2. Those who use commands only when necessary. These are persons who try to see which character from their keyboard is directly rendered, which one is not, and, for those which are rendered, they typeset them directly, and, for those which are not rendered (as now), they use commands. This is sometimes tedious, difficult, error-prone, but it appears natural to assume that a character that is keyed in generates appropriate output unless it belongs to a special category (like \ or %): documents are easy to typeset, read, and edit for users with a similar keyboard, [2]
  3. Those who use various tricks to make LaTeX behaves as they want, even if they want things that are contrary to the state-of-the-art. This might not be the best solution, but it depends on what the tricks are, [2]
  4. Those who use Unicode whenever possible. While sometimes difficult to input (a good text editor will help), this results in readable sources that will work across OS boundaries. [2]

The best thing which can be recommended is evidently to stick with commands, such as demonstrated before. There are lots of sources to find symbols. A well-known one is [6]. One sometimes needs to include packages for other symbols, though.

Converting a file to the good encoding

If, say, you are dealing with documents in another encoding, the best thing is to use the following procedure, assuming you are working with Linux (or with such a virtual machine):

  1. Find their current encoding,
  2. Know what their future encoding will be (generally, you would better choose UTF-8 for aforementioned reasons),
  3. Be sure that the encodings are compatible (i.e. the target character set is a superset of the source character set). If this is not the case, you will loose information,
  4. Execute, a sample file being fileinoldencoding.tex, and the same file, in its new encoding being fileinnewencoding.tex:
    iconv -f oldencoding fileinoldencoding.tex -o fileinnewencoding.tex
    where oldencoding could be, for example, windows-1252. You might make this process automatic, e.g. by creating a shell file (here it is bash):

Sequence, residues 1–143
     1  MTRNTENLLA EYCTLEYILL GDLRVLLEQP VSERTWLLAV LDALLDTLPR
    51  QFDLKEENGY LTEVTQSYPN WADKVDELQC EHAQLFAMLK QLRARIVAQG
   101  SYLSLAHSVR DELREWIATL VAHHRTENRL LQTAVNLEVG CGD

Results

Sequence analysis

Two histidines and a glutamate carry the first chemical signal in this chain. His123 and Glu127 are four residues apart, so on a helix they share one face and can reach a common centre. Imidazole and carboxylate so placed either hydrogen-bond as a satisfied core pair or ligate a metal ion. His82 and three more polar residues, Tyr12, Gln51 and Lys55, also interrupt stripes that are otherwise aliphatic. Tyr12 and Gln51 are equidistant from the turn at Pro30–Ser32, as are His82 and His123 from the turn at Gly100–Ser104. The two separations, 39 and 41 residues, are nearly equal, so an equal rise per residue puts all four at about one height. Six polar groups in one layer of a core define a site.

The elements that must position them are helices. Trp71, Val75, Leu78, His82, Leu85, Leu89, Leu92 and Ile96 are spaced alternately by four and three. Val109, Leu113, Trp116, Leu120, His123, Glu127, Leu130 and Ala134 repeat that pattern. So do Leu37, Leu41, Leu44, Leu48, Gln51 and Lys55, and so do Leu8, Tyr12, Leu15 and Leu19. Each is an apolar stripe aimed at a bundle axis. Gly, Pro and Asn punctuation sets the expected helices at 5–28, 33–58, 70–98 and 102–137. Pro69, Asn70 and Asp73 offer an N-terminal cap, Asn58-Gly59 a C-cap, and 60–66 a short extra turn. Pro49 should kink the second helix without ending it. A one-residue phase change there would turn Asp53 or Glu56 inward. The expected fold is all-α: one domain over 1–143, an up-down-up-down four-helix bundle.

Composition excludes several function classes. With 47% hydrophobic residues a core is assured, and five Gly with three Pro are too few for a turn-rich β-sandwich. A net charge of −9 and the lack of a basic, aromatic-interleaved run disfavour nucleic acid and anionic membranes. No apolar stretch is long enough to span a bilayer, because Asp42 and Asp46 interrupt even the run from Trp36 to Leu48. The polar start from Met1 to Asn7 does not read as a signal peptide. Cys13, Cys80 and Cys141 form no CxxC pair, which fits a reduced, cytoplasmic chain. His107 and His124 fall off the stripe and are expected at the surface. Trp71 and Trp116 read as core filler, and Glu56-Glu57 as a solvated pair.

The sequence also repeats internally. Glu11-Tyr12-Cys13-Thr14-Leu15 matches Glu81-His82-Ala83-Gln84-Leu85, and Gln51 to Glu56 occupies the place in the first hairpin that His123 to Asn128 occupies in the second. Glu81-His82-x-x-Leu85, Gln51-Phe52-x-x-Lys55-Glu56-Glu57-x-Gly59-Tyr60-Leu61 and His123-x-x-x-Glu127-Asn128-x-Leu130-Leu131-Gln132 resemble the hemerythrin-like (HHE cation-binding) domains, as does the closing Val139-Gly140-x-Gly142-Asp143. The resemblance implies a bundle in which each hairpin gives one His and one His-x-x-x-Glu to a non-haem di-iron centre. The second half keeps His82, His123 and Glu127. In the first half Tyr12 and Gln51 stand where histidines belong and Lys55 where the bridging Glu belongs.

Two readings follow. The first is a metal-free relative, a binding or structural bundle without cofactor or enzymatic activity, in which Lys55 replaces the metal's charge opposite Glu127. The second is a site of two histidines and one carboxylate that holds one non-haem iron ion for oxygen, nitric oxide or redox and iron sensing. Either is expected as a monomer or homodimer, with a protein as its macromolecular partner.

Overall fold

#/bin/bash
    for i in *.tex<
    iconv -f windows-1252 -t utf-8 -- "$i" > "$i.utf8" && mv -- "$i.utf8" "$i"
    done
    and executing this file in a folder containing .tex files. You can evidently modify this script or the aforementioned commands as you want, to use another encoding. By default, the encoding is utf8 if this is your current locale, but if you want encoding newencoding, use
    -t newencoding
  5. Open the file in an editor, the editor being set to open files in the output encoding,
  6. If you see strange characters, there is a problem, and check the procedure. If everything seems normal, you can modify the file, save the modifications, but everything under the new encoding,
  7. Compile the file(s) with the good inputenc declaration, as explained above. Note that other tools perform such operations, such as recode. [2]

Dealing with BiB files

Everything from this section comes from Philipp Lehman, Philipp Stephani, either from [2] or from [4].

If you are using BiBTeX, you might also have problems. The first problem is that BiBTeX cannot handle UTF-8 and non-fixed-width encodings in general. This is probably one of the most common misunderstanding when it comes to BibTeX. There is no way around this restriction. BibTeX cannot deal with multibyte encodings.

You might have already heard about bibtex8, a drop-in BiBTeX replacement which supports 8-bit input. While it cannot handle UTF-8 either, it can sort 8-bit input in a way that is actually useful in languages other than English, when supplied with a suitable csf file.

Once again, you will need to use ASCII notation. Traditional BiBTeX can only alphabetize ASCII characters correctly. If the bibliographic data includes non- ASCII characters, they have to be given in ASCII notation. For example, instead of typing a letter like ‘ä’ directly, you need to input it as \"a, using an accent command and the ASCII letter. This ASCII notation needs to be wrapped in a pair of curly braces. Traditional BibTeX will then ignore the accent and use the ASCII letter for sorting.

Apart from it being inconvenient, there are two major issues with this convention. One subtle problem is that the extra set of braces suppresses the kerning on both sides of all non-ASCII letters. But, also, simply ignoring all accents may not be the correct way to handle them, for alphabetical reasons which depend on the language.